A Closer Look at LAAPFF’s Spirited Away Program

This unique set of eclectic works do more than define humanity’s relationship with Nature. There’s spirits, wisdom and counter-culture to be found in each.

Film FestivalA Sip of Water

This documentary looks at what being a (Korean) Shaman is. Interestingly, these people are not respected in Korean society. They are considered unlucky and though this short by Hyuna Cho does not explain all the details, I could see why they are feared because of the supernatural forces they are tuned into. They exist to deliver messages to those willing to listen. As for those who don’t, well, nothing can be done and it’s not expected everyone will follow those words of wisdom.

According to Korea.net, all the major religions peacefully coexist with shamanism. While this practise is mostly  about divination, there’s much more to it than meets the eye. This hauntingly colourful animated work beautifully expresses what else these practitioners do when they are not called upon for help. They are often meditating.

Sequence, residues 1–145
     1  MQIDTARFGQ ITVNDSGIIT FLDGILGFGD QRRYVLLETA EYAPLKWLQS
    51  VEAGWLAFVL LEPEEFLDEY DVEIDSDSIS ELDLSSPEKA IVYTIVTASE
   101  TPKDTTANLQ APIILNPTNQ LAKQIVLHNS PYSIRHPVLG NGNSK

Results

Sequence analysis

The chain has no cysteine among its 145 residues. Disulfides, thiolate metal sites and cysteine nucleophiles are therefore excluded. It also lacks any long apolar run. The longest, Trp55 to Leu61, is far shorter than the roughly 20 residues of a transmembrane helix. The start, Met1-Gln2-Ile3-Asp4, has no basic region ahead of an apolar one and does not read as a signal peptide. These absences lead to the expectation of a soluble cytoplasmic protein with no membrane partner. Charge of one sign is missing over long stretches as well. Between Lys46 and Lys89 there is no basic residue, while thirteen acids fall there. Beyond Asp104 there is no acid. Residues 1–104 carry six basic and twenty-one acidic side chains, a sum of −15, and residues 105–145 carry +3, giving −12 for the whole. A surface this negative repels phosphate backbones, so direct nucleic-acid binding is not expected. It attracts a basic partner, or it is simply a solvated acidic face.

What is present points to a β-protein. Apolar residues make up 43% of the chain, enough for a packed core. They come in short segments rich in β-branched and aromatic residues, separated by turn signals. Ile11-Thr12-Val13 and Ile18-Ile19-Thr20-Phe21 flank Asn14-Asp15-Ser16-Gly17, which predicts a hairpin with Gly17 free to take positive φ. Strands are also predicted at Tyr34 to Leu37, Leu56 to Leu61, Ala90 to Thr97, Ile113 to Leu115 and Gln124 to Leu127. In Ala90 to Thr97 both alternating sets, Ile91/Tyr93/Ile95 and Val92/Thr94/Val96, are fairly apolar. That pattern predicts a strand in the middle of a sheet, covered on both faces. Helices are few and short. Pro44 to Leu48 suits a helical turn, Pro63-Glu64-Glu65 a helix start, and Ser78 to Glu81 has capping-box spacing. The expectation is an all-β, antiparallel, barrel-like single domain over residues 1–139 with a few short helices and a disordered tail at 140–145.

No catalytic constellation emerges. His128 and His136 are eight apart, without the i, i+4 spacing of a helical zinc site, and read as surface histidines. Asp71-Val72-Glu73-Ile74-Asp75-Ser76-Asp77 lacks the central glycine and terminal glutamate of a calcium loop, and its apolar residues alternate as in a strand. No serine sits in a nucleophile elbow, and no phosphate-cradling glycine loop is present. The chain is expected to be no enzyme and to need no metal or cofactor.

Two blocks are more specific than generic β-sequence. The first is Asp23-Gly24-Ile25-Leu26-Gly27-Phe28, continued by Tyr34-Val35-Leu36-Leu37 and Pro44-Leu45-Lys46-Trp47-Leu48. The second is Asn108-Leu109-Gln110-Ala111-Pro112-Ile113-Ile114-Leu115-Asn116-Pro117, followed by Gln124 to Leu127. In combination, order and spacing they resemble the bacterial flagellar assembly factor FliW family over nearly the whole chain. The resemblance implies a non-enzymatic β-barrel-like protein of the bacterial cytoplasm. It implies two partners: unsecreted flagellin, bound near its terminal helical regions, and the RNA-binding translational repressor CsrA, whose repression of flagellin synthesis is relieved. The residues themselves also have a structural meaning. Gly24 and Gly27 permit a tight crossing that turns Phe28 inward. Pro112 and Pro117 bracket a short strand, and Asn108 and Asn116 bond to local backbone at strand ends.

Part of what they do is comforting. Yes, they can talk to the dead and commune with various deities, but there’s more to this practice depending on where that shaman is from. All anyone has to do is look at those lands where the tribes have not contacted modern man. Some are regarded as healers, and others specialize in last rites. But in this case, perhaps all that’s needed to believe is to take a sip from a blessed water to have their eyes wide open instead of shut.

Author: Ed Sum

I'm a freelance videographer and entertainment journalist (Absolute Underground Magazine, Two Hungry Blokes, and Otaku no Culture) with a wide range of interests. From archaeology to popular culture to paranormal studies, there's no stone unturned. Digging for the past and embracing "The Future" is my mantra.

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